Foot and mouth disease is a highly contagious animal disease that affects all cloven-hoofed animals including cattle, sheep, goats, camelids (eg alpacas, llamas and camels), deer and pigs. Cloven-hoofed animals are those with a split toe. It does not affect horses.
The virus is carried by live animals and in meat and dairy products, as well as in soil, bones, untreated hides, vehicles and equipment used with these animals. It can also be carried on people’s clothing and footwear.
The FMD virus can survive in frozen, chilled and freeze-dried foods including meat and dairy products.
Infected countries are isolated from the global livestock trade. An incursion of FMD into Australia would lead to a loss in production of meat and milk, cessation of trade, and necessary slaughter of many animals.
Foot-and-mouth disease is a nationally notifiable disease. This means an animal showing suspect signs of the disease must be reported to a Local Land Services District Veterinarian on 1300 795 299 or the Emergency Animal Disease Watch Hotline on 1800 675 888.
Animals at risk of foot-and-mouth disease
FMD affects can affect all cloven-hooved animals include cattle, buffalo, sheep, goats, pigs, der, alpacas, llamas, and camels.
Onset and severity of clinical signs will vary between animals. Vesicular lesions (blisters, ulcers, and sores) in cattle may be found in the mouth and on the feet, muzzle/nostrils, and teats.
Clinical signs of foot-and-mouth disease
Cloven-hoofed animals with FMD may exhibit one or more of the following clinical signs:
- blisters on the mouth, snout, tongue, lips, teats, or feet
- erosions remaining after blisters rupture
- fever (39.4 - 41.1°C)
- limping and reluctance to move
- production losses.
Specific clinical signs of FMD in cattle
- Fever up to 42°C accompanied by depression, inappetence, and sudden stop of milk production in dairy cattle.
- Smacking of the lips, teeth grinding, drooling, lameness, reluctance to stand, stamping, or kicking of the feet.
- Vesicle formation on buccal (oral) and nasal mucous membranes, on the mammary glands and/or between the claws and coronary band
- Rupture of vesicles leaving erosion.
Complications may include secondary infection of lesions, hoof deformation, mastitis and permanent impairment of milk production.
Death of young animals from viral myocarditis (inflammation of the heart muscle).
Specific clinical signs of FMD in sheep and goats
In sheep and goats, FMD is usually mild with few lesions, however, clinical signs can include fever, lameness and oral lesions.
- Lesions in the oral cavity are not prominent, however, vesicles, when present, are most likely to occur on the dental pad and caudal and dorsal portions of the tongue
- Lameness is often mild
- Foot lesions along the coronary band or interdigital spaces may go unrecognised, as may lesions on the dental pad
- Agalactia (milk production failure) in milking sheep and goats
- Death of young animals from viral myocarditis.
Specific clinical signs of FMD in pigs
- Fever, inappetence and reluctance to move
- Often a severe lameness with vesicle formation around the top of the foot, on the heels and between the claws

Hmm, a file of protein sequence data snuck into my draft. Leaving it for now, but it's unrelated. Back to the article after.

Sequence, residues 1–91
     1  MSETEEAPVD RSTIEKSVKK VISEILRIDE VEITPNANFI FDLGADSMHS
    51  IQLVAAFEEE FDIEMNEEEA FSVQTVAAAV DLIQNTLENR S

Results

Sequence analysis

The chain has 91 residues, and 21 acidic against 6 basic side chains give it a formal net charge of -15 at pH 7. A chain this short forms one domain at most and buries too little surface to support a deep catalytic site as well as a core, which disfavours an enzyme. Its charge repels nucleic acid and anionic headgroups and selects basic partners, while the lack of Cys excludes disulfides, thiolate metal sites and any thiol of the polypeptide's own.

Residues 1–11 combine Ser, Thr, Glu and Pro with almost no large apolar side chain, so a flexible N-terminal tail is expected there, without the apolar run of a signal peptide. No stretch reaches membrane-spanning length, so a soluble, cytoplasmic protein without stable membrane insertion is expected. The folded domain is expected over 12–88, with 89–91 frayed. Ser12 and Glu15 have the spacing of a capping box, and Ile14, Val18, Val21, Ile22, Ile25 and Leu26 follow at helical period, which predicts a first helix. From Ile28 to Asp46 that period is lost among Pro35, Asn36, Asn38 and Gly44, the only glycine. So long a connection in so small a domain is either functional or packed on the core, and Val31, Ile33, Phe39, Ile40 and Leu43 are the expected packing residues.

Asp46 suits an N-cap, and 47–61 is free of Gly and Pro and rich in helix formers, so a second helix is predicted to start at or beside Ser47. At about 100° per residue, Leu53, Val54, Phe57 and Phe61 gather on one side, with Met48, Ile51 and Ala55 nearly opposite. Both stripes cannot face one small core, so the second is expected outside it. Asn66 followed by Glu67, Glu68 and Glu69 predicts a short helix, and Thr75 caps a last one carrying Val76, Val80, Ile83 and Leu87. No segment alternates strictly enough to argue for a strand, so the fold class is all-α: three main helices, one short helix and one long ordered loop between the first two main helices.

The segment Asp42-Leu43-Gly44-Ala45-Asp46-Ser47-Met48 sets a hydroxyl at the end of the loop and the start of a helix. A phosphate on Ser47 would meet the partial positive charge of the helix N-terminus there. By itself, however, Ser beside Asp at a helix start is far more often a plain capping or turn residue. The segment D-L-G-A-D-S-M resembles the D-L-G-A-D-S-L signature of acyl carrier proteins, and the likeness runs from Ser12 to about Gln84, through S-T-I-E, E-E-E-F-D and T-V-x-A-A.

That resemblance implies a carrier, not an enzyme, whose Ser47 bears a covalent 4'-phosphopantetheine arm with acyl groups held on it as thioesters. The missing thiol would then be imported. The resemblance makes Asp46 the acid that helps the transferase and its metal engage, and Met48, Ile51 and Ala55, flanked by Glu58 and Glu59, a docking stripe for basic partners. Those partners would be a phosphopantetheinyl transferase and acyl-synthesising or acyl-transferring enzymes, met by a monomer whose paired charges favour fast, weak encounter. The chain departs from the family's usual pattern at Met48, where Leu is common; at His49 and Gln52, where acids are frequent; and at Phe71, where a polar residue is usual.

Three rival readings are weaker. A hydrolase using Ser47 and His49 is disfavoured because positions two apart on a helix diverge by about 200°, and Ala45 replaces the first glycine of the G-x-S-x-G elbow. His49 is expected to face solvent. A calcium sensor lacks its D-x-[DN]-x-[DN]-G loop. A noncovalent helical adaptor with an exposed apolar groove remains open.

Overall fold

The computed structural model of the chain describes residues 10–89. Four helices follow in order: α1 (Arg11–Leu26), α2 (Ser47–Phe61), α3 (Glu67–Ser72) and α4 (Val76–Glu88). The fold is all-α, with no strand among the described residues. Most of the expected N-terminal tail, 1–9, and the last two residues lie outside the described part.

- Vesicles may occur on the snout, inside the mouth and on teats of sows
- Abortion is common and may be the presenting clinical problem in pigs with FMD.
What does foot-and-mouth disease look like?
Following are a collection of images with the clinical signs of foot and mouth disease to aid in recognising FMD in a range of livestock.
More are available at the Animal Health Australia website.
Foot-and-mouth disease in cattle - mouth lesions (Image: Mark Stevenson)
Foot-and-mouth disease in pigs - blisters (Image: FAO-EUFMD)
Foot-and-mouth disease in pigs - hoof lesions (Image: FAO-EUFMD)
Foot-and-mouth disease in sheep - mouth lesions (Image: FAO-EUFMD)
Foot-and-mouth disease in cattle - tongue blisters (Image: Mark Stevenson)
Foot-and-mouth disease in sheep - hoof blisters (Image: FAO-EUFMD)
Foot-and-mouth disease in cattle - hoof blisters (Image: Mark Stevenson)
How is foot and mouth disease spread?
The FMD virus is carried by live cloven-hoofed animals, as well as in soil, bones, untreated hides, vehicles and equipment used with these animals. The FMD virus can survive in frozen, chilled and freeze-dried foods including packaged meat and dairy products.
Foot and mouth disease can be spread through close contact between animals and can be carried on animal products, equipment, people’s clothing or by the wind.
FMD is capable of extremely rapid spread. Entire herds are known to have be infected within 48 hours. Cattle are most susceptible to loss, however the disease spreads fastest in pigs.
Can you treat foot and mouth disease in cattle?
There is no specific treatment for FMD. The conventional method of treating infected animals overseas involves the use of antibiotics and mild disinfectants. Because there are a large number of FMD virus strains, maintaining effective levels of vaccination and herd immunity is challenging. Vaccines need to match with the regional strain causing FMD. The protection period is generally short-lived, often 12 months or less.
Australia has access to an FMD vaccine bank for use in the event of an outbreak. Australia is currently recognised as ‘free from FMD, without vaccination’, allowing international trade to continue. This status would be lost if pre-emptive vaccination were implemented.
Read more about foot and mouth disease (NSW DPI).
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